|Lobster ice cream and roasted cockroach, anyone? (edfoodfest).|
The sound of torrential rain clattering off the roofs of Edinburgh in late July can only mean one thing. Yes, it must nearly be Edinburgh’s festival season again… Yet seriously, I hope we have a modicum of good weather during late July and August, because as well as the world’s greatest arts extravaganza making camp in Scotland’s capital there are also some very alluring food and drink-focused activities and events taking place during the festival period…
Culinary debates and celebrations at Edinburgh Food Festival (Assembly, George Square)
Located at the famed Edinburgh Fringe hub that is George Square, Assembly’s acclaimed (and free to enter) Edinburgh Food Festival makes a welcome return for a third year. Unlike some other food festivals, this initiative isn’t just about tasting tempting morsels and drams, although there are plenty of those to be had too. It also features a range of engaging and thought provoking events that encourage visitors to devote some consideration to what they are consuming, and why/how they are doing this. Highlights from amongst the varied programme include:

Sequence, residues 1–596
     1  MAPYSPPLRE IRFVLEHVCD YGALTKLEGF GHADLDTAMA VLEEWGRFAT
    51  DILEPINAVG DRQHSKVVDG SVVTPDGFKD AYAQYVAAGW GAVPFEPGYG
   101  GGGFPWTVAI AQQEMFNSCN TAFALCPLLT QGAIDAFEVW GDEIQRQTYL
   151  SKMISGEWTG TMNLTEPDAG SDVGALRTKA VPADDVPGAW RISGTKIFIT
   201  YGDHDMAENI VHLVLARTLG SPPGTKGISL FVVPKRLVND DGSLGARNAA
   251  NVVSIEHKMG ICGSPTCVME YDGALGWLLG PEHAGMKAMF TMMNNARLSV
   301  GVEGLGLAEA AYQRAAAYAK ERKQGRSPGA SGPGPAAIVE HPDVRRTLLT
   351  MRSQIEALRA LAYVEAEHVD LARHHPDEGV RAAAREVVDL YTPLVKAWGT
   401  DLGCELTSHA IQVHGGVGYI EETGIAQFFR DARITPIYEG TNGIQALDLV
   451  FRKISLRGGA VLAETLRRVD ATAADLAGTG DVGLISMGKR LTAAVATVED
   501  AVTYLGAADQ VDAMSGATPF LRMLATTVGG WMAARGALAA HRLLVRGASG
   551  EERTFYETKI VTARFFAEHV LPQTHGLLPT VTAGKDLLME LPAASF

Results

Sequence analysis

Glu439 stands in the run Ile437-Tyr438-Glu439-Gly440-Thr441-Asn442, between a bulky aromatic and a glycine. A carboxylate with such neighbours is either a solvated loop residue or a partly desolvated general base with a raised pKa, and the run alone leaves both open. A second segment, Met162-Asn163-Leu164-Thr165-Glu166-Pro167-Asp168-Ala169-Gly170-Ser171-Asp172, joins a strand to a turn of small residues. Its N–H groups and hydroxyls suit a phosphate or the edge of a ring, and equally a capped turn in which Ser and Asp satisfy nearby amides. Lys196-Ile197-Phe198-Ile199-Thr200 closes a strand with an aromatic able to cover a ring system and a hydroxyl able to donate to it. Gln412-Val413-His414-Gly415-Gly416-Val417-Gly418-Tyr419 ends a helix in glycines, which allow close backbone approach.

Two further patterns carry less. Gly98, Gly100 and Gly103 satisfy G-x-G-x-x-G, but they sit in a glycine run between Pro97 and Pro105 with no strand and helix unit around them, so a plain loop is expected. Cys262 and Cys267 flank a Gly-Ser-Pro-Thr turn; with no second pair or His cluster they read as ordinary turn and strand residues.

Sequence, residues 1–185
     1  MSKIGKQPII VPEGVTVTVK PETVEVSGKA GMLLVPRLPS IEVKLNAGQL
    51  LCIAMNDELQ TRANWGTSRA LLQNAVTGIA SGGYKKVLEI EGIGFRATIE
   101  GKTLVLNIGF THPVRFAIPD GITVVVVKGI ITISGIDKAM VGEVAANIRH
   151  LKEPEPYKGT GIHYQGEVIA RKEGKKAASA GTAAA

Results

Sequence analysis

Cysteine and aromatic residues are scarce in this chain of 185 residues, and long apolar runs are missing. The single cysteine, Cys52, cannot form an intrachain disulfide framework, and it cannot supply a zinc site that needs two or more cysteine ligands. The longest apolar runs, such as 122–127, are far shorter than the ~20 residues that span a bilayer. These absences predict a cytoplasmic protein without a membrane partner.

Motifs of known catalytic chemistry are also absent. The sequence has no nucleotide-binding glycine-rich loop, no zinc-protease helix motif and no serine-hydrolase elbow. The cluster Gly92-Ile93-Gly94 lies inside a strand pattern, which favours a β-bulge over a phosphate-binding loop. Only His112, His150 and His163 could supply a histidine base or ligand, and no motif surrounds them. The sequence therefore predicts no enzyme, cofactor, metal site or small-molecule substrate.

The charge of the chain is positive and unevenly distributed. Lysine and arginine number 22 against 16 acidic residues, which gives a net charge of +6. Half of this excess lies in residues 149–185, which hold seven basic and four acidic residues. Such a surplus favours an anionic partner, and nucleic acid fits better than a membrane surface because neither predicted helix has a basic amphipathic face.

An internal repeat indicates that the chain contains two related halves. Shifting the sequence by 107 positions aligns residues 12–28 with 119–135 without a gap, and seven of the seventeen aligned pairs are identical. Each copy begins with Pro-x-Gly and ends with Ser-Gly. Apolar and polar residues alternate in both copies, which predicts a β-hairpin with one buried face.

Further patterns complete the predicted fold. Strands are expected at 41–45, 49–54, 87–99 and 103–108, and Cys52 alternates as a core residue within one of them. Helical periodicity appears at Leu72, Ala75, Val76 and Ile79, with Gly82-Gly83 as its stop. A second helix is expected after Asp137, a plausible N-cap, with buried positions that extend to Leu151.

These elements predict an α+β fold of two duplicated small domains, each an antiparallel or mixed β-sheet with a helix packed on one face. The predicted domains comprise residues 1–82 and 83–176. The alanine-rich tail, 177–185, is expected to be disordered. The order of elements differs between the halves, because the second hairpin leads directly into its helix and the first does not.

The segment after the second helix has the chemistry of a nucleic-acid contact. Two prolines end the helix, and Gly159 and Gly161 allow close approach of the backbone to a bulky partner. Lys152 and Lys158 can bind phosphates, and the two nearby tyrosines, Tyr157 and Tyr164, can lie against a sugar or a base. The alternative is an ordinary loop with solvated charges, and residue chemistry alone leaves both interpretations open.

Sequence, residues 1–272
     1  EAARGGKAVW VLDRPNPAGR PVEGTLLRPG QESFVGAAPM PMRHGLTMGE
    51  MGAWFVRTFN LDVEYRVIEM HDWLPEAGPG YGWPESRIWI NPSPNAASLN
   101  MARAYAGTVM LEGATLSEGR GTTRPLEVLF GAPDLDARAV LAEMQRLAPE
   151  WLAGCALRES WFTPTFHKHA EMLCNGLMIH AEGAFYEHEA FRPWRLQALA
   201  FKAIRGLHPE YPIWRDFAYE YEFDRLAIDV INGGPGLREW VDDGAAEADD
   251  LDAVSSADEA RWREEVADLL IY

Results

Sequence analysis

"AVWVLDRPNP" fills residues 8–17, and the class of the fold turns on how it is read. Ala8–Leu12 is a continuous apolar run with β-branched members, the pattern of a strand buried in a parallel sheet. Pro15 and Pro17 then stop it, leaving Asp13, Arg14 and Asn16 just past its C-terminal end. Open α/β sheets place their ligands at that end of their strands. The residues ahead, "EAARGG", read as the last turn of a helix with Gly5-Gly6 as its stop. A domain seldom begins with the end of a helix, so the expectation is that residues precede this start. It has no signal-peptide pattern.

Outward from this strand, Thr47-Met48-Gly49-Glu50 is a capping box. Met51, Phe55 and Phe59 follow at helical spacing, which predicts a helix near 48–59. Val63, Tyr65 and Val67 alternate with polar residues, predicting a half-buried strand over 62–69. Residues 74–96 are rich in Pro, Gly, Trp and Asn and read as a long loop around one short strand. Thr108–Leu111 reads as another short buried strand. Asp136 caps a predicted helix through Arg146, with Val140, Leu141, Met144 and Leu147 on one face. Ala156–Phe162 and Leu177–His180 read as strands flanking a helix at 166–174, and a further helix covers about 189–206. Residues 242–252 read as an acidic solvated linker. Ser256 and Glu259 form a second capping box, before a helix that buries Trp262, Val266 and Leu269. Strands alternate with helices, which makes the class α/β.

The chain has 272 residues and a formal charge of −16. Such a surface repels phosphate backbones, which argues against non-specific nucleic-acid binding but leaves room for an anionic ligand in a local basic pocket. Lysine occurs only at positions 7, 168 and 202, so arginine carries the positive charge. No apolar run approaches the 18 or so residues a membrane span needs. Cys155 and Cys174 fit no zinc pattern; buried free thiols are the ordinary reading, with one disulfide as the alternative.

- Eating insects: buzzy, buggy or grubby? – Entomophagy – that’s the human use of insects as a food source, to you and me – has become very much in focus in recent years, as this animal group has been hailed as a cheap and readily available source of protein. Millions of people across the globe regularly eat insects, but they barely make an appearance in western diets. So can they really be the food of the future, or are they just too terrifying to be tasty? (Saturday the 29th of July in the Piccolo tent).
- Hipsters and Hobos: Urban Foraging – Certain high end eateries such as Denmark’s – temporarily defunct – Noma, together with TV cooks such as Hugh Fearnley-Whittingstall, have shone a spotlight on how gathering ingredients from the wild – as opposed to the aisles – can result in some superb dishes. Yet you don’t necessarily need to the trek to the countryside to forage interesting and nutritious additions to your cooking, as this event demonstrates. (Saturday 29 July).